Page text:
What you need to know:
- A sniffer dog found the baby's bottle in a secluded spot near the crash site.
- According to officials, the four Huitoto siblings boarded the plane with their mother to flee threats from members of an armed group.
For 40 days after their plane crashed, four Indigenous children were lost in the Colombian Amazon rainforest.
A major search operation, with rescuers finding a steady string of clues about their whereabouts, came to an end on Friday with the discovery of the children alive.
They were flown to the capital Bogota early Saturday, where ambulances awaited. AFP looks at the timeline of events.
On the morning of May 1, a Cessna 206 plane run by Avianline Charters left a jungle area known as Araracuara to head for San Jose del Guaviare, one of the main towns in the Colombian Amazon.
On board were the pilot, an Indigenous leader of the Huitoto community, as well as Magdalena Mucutui Valencia and her four children -- aged 13, nine, four and 11 months.
Minutes after starting the 350-kilometer (217-mile) flight over the jungle, the pilot reported engine problems and the plane disappeared from radar.
According to officials, the four Huitoto siblings boarded the plane with their mother to flee threats from members of an armed group.
Signs of life
Between May 15 and 16, soldiers found the bodies of the pilot and the two adults in the Caqueta area. The plane was stuck vertically in thick vegetation, with its nose destroyed.
They did not locate the children.
A sniffer dog found the baby's bottle in a secluded spot near the crash site.
More than 100 military personnel were deployed to the area, suspecting there was at least one survivor.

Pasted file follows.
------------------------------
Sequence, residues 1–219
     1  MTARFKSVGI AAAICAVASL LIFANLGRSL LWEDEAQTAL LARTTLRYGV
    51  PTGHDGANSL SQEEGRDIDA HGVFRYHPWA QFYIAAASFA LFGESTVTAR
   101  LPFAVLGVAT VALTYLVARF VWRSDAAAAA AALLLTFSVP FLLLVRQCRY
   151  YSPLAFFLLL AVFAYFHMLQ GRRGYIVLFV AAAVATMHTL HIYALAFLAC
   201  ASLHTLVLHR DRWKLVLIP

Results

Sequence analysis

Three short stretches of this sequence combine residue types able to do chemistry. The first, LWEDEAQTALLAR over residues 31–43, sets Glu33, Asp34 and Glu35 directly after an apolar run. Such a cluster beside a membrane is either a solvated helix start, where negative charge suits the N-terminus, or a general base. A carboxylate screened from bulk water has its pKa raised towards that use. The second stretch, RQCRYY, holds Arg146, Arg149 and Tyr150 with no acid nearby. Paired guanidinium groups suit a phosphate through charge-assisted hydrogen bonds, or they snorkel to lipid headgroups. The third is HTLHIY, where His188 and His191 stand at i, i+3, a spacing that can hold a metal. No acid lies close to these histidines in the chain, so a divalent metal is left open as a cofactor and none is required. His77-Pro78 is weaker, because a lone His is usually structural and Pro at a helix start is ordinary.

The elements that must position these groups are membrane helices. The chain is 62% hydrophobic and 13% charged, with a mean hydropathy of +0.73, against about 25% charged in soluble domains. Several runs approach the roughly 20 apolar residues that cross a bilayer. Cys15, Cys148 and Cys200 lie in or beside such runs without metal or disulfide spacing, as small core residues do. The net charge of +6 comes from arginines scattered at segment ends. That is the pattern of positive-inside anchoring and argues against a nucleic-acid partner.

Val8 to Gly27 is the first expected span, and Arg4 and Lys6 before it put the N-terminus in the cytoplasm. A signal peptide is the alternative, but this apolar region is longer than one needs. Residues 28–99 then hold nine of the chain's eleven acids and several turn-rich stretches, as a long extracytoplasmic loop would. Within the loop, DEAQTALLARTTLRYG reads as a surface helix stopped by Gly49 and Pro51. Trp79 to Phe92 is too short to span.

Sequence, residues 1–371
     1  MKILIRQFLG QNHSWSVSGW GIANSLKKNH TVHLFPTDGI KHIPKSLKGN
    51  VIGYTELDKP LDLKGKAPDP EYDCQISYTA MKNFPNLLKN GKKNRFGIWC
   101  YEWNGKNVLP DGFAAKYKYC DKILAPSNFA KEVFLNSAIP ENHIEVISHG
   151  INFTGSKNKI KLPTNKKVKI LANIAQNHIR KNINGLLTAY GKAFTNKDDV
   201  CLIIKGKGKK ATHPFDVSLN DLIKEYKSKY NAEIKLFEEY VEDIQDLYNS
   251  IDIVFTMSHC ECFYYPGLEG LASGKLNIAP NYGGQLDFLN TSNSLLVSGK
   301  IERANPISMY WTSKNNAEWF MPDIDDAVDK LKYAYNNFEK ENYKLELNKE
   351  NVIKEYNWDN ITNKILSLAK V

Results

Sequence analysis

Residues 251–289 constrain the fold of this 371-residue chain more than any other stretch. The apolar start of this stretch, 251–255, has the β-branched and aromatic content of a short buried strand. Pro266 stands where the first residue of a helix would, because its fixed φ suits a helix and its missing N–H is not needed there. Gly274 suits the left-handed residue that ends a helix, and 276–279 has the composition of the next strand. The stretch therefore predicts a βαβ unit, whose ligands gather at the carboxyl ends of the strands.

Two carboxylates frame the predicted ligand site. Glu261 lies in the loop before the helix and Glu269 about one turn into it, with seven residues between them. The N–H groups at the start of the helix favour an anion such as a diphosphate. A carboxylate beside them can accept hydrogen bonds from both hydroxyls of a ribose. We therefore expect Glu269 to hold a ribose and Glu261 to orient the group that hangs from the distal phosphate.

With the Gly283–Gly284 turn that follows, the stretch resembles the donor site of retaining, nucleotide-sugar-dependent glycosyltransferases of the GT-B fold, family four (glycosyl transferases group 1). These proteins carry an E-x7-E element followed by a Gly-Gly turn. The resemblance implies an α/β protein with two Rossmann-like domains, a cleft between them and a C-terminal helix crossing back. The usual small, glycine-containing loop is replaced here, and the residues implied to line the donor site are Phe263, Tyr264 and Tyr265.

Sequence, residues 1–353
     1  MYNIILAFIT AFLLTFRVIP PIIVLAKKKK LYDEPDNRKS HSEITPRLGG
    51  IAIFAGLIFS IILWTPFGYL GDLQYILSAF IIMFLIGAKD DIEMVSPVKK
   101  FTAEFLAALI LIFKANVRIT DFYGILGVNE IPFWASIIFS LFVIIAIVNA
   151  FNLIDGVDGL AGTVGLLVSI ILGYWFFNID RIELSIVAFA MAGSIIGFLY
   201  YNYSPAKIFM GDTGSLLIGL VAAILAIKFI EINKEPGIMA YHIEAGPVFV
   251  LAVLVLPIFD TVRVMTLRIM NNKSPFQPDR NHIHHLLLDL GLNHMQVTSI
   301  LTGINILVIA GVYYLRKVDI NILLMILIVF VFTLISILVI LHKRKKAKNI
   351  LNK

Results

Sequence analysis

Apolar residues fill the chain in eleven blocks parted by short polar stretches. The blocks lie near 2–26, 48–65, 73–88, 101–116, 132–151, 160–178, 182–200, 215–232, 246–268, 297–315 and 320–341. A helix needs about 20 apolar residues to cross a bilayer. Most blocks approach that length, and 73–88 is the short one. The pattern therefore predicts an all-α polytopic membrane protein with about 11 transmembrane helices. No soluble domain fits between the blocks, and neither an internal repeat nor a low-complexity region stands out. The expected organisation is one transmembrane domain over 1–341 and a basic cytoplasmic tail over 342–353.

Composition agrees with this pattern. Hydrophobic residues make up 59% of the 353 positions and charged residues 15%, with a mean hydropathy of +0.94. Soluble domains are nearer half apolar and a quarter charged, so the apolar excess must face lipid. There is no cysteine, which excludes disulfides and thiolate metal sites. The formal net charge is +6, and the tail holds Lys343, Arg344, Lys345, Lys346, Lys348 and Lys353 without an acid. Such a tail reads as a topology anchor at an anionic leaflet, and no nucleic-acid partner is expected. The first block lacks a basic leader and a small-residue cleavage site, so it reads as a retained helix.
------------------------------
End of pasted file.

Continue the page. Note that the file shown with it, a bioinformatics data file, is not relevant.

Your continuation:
The search was joined by dozens of Indigenous people from nearby villages who are accustomed to traveling through the Amazon -- home to jaguars, snakes and other predators, as well as armed drug smuggling groups.
Military aircraft dumped 10,000 flyers into the forest with survival tips and instructions in Spanish and the children's own Indigenous language.
An air force helicopter also broadcasted an audio recording of the children's grandmother, urging them to stay put.
Shoes, clothes and half-eaten fruit were found among the trees.
About 2.5 kilometers from the crash site, soldiers also found a camp abandoned by guerrillas.
Heavy rainfall and giant trees that can grow up to 40 meters (130 feet) tall made the "Operation Hope" search difficult.
Three weeks after the crash, soldiers found diapers and shoes, and claimed that they had passed within 100 meters of the children. The search was reduced to a 20-square-kilometer section of jungle.
On May 17, soldiers came across a makeshift shelter, constructed out of sticks and branches. A dog also found scissors and hair ties.
On the same day, President Gustavo Petro announced that the children had been found alive. But he retracted the statement a day later, saying he had been given false information.
On May 26, the military organized a symbolic celebration for the baby, who turned one year old that day, having spent almost a month lost in the jungle.
On June 9, Petro announced that the children were found alive and released a photo showing them surrounded by soldiers and Indigenous people who participated in the search. The children appear thin and have no shoes.
"They were alone, they made it on their own. An example of absolute survival that will go down in history," the president said.
According to the military, rescuers found the children about 5 kilometers west of the crash site.
Army rescuers "immediately took charge of and stabilized" the four siblings, who were transferred to San Jose del Guaviare, according to the defense minister.
They arrived at a military airport in Bogota early on June 10, with ambulances waiting to take them to hospital.